(USA TODAY) -- This is the final debate between Hillary Clinton and Donald Trump before the Nov. 8 election, and both candidates will face tough questions in Las Vegas.
Trump will have to answer for a growing roster of allegations from women accusing him of improper sexual contact, while Clinton is contending with a trove of hacked emails from her campaign chairman, John Podesta.
Here are five things the Democratic nominee needs to do in the final debate:
1. The WikiLeaks cloud
There’s been a stream of embarrassing email exchanges between Podesta and Clinton aides made public through the website WikiLeaks. The campaign argues the hacked communications are being released via a Russian government attempt to influence the U.S. election, but they're not denying the veracity of many of them.
They include exchanges showing internal concerns about everything from Clinton's ability to convey sincerity to her use of a private email server.
While there is no single smoking gun, collectively the messages risk painting a cynical view of her campaign that could endure beyond the election. Clinton must have an effective rejoinder that doesn’t revolve solely around blaming the Russians.
2. Buck up liberals
The biggest risk for Clinton is a demoralized Democratic base, mainly among liberals whose first choice was Sen. Bernie Sanders of Vermont. She needs to reactivate President Obama’s winning coalition that relied on strong turnout among young people and African Americans.
Trashing Trump probably isn’t enough, and time is running out.
Some WikiLeaks exchanges underscore just how significant a struggle this has been for her all along. In one exchange shortly after she lost New Hampshire to Sanders, Joel Benenson, the campaign’s chief strategist, expressed uncertainty about what “she believes or wants her core message to be?”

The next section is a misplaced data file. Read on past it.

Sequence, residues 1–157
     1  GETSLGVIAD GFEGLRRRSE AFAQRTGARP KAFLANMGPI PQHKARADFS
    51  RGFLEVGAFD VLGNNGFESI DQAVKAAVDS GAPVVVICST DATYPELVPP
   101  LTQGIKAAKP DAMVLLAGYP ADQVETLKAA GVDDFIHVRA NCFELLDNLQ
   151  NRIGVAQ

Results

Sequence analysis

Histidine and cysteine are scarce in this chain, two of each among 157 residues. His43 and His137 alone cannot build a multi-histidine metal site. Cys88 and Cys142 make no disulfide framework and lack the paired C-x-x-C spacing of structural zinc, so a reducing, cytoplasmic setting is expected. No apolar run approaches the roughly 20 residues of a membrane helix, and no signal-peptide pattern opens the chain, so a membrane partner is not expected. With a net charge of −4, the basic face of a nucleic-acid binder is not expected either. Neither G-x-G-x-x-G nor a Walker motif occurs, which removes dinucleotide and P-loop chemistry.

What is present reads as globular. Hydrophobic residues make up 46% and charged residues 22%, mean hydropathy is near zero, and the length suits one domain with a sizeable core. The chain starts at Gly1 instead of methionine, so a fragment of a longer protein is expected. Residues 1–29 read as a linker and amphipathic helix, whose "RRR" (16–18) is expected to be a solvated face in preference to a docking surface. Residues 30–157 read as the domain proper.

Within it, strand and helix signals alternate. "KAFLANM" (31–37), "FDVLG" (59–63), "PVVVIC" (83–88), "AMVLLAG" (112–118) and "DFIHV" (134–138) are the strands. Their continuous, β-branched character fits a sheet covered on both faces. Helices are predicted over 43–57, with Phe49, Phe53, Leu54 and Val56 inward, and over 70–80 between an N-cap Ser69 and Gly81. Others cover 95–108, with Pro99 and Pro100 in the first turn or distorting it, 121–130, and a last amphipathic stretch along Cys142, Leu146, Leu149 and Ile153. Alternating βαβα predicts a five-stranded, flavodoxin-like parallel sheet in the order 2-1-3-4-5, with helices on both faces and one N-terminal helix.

3. Let Trump be Trump
Since the first debate on Sept. 26 at Hofstra University, Clinton’s largely stayed out of the spotlight as Trump’s campaign reels from accusations about his treatment of women, including numerous allegations of sexual misconduct.
She’s kept a lighter campaign schedule than Trump, opting for private fundraisers and intense debate preparations, while allegations about Trump’s past behavior — and his response to them — have dominated the headlines.
In an election where the public is overwhelmingly negative about both of their options, the outcome appears to hinge on which candidate proves to be the least unpopular choice. In that context, it makes sense for Clinton to pull her punches if it looks like Trump is continuing to drive up his own negative ratings.
4. Sharpen answer on trade
Of all the WikiLeaks emails, the most politically damaging may be an excerpt of a 2013 Clinton speech to a Brazilian bank in which she said her “dream” is “a hemispheric common market, with open trade and open borders.”
The transcripts of Clinton’s paid Wall Street speeches have been a flashpoint since the primaries, and this excerpt probably shows why she’s kept them under wraps.
The statement risks inflaming both her liberal base — by pining for the same free-trade deals they’ve railed against — and Trump’s voters, by calling for a freewheeling system of open immigration. They also stand in contrast to the positions she’s taken publicly in this campaign, as Clinton’s insisted she’s a critic of trade deals that have hurt U.S. workers and denied she is for totally open borders.
The debate moderator, Fox News’ Chris Wallace, is almost guaranteed to ask her about this.
5. Be ready, literally, for anything
Based on numerous polls, Trump is trailing Clinton by margins that have proved to be historically difficult to recover from.
During the last debate, Trump invited women who’ve accused Bill Clinton of sexual assault to the debate hall to try to confront the former president and in order to create an embarrassing spectacle tarnishing her image.
With Trump already potentially positioning himself for a defeat, arguing the system is “rigged,” it’s anyone’s guess as to what kind of opposition research he’ll throw out or what kind of made-for-TV spectacle he’ll orchestrate.